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Shakespeare Indexes Edit

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Welcome to the Shakespeare Indexing Project Edit

IntroductionEdit

We are proud to offer you the following indexes for your enjoyment and elucidation. Just think of these carefully chosen quotations as "incerpts." Like excerpts, we believe them to be the embodiments of the pithiest and most poignant thoughts and sentiments of the great playwrite.In addition, they will take you into the heart of the text, the thick of things. Shakespeare's greatest moments will never be left lying alongside a path, like caught fish left to gasp their last after being removed from the water that gave them life and sustenance. We believe that incerpts will be a major factor in the growth and development of digital scholarship in the years to come, particularly incerpts made using the EC line-indexer.

How to Use the Index BuilderEdit

Just go to the Phillins Free Educational Resources pageto download a searchable electronic edition of Shakespeare's Complete Works.

Type in your keywords to the search engine, and "let her rip!" It's as easy as falling off a log, and you don't have to get wet!

Word Bank Edit


Add to the list of keywords that we might use as headings for future indexes.

Valiant, honour, ambition, destiny




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On Virtue and Vice, Passion, Pride and cetera Edit

Concerning Love and Hate
Concerning Deity, Fate, Fame and Fortune
Concerning Bastardy and Legitimacy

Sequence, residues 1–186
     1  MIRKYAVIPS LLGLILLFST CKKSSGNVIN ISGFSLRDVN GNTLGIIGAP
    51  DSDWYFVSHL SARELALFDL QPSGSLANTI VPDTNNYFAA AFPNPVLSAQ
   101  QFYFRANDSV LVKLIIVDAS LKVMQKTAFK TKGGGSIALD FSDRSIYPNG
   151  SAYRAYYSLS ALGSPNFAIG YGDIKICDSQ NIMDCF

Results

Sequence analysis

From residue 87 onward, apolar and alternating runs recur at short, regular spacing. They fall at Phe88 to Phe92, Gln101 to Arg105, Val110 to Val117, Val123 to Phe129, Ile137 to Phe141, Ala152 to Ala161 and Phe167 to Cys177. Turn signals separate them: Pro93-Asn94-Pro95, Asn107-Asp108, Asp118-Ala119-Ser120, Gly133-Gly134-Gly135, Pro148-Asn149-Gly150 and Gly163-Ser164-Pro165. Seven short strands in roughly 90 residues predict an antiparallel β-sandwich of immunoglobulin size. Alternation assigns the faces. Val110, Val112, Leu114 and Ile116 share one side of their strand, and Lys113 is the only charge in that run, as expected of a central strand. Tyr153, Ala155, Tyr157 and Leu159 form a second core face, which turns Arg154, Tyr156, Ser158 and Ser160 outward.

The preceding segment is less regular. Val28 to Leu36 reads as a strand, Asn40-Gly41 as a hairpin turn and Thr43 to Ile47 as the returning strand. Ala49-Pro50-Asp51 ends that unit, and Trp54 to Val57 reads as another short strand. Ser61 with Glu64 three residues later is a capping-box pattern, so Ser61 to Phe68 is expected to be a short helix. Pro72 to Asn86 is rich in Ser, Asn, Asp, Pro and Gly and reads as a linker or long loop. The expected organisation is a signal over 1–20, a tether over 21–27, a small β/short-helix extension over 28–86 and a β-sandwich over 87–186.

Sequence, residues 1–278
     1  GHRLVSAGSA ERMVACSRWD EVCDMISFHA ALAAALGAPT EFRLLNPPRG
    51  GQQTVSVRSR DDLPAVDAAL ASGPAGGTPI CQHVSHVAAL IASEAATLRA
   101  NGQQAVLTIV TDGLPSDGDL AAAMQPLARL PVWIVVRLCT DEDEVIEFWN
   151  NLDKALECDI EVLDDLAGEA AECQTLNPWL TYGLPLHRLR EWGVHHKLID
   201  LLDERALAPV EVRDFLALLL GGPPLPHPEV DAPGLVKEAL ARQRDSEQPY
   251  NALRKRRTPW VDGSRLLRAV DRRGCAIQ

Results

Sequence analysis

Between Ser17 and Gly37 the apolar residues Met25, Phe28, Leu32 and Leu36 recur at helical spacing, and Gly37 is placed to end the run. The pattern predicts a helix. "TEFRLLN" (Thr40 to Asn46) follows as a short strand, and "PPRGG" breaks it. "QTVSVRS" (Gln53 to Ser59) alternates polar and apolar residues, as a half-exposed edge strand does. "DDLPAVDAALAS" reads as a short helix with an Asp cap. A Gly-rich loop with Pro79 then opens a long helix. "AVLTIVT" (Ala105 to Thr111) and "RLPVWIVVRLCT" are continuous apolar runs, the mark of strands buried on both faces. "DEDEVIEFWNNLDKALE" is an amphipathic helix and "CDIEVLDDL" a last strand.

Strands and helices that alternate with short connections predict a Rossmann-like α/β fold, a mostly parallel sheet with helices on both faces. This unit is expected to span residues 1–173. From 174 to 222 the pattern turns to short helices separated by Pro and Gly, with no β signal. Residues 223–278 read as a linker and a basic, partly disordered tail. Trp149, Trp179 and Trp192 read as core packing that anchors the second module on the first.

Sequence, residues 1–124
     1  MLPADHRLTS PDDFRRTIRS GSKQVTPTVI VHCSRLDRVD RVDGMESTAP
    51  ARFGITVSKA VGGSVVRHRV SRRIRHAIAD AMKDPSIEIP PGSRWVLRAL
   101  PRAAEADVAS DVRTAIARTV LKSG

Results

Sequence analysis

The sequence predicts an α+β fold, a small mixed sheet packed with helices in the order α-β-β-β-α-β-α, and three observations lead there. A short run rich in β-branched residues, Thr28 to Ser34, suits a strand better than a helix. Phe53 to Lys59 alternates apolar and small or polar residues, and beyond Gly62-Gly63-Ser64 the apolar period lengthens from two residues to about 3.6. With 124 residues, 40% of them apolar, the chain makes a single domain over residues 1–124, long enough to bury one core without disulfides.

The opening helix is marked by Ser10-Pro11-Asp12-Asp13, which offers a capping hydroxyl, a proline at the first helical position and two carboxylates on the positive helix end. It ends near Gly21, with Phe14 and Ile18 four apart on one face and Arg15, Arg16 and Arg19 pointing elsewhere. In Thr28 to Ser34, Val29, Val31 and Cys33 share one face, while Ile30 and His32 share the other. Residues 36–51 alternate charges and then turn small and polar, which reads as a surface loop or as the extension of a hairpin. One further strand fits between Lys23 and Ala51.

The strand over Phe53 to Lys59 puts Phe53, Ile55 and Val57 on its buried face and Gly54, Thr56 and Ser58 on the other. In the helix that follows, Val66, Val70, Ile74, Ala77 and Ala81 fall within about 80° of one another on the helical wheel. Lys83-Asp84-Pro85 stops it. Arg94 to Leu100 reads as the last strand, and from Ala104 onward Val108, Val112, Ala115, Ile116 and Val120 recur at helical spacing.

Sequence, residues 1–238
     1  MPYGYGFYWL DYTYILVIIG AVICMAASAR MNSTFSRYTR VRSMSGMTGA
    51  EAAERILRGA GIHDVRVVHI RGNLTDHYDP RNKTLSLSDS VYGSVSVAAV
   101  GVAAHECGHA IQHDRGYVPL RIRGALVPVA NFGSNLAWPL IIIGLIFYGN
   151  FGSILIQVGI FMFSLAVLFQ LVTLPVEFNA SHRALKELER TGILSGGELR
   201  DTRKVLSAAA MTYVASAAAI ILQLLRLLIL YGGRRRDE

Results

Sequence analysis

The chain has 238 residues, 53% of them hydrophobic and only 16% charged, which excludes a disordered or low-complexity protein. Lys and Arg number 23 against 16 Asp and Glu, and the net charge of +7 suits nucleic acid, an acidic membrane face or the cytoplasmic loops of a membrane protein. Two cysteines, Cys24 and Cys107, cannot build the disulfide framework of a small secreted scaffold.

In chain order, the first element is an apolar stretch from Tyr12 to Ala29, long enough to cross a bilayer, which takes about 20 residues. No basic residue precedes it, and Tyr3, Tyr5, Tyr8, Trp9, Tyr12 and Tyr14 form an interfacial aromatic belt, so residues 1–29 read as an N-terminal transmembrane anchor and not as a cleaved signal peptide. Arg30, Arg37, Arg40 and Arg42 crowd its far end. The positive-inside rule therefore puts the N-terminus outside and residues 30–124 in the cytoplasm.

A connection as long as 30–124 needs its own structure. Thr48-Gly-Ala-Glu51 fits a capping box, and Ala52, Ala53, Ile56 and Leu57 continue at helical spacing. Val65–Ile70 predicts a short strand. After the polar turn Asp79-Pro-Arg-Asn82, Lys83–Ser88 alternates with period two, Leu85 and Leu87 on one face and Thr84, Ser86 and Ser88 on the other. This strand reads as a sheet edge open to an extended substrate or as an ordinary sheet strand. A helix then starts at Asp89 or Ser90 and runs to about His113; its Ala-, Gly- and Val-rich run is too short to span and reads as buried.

Concerning Revenge and Forgiveness
Concerning Guilt and Innocence
Concerning Power Ambition and Weakness, Slavery and Freedom
Concerning Crime and Punishment
Concerning Chastity, Infidelity and Marriage
Concerning Foolishness, Ignorance and Wit
Concerning Wealth, Money and its Opposite
Concerning Beauty and Ugliness
Concerning Good Friends and Bad, Friendship and Enmity
Concerning War and Peace, Honour and Disgrace, Courage and Cowardice
Concerning Good and Evil, Villany and Virtue
Concerning Saints, Sinners and Whores
Concerning Death, Salvation and the Hereafter
Concerning Murder and Suicide
Concerning Madness
Concerning Wives and Daughters
Concerning Justice
Concerning Mirth and Melancholy
Concerning Leadership
Concerning Beasts, Noble or Not
Concerning Vice, Vanity, Virtue, Treachery and Trust
Concerning Time, Work and Leisure
Concerning Faith
Pearls of Wisdom
Witticisms
Concerning Miscellaneous

Titles of Works Edit

A Midsummer Night's Dream
A Winter's Tale
All's Well That Ends Well
Antony and Cleopatra
As You Like It
Cymbeline
King Lear
Loves Labours Lost
Much Ado About Nothing
Othello, the Moore of Venice
Pericles, Prince of Tyre
Romeo and Juliet
The Comedy of Errors
The Life of King Henry the Fifth
The First part of King Henry the Sixth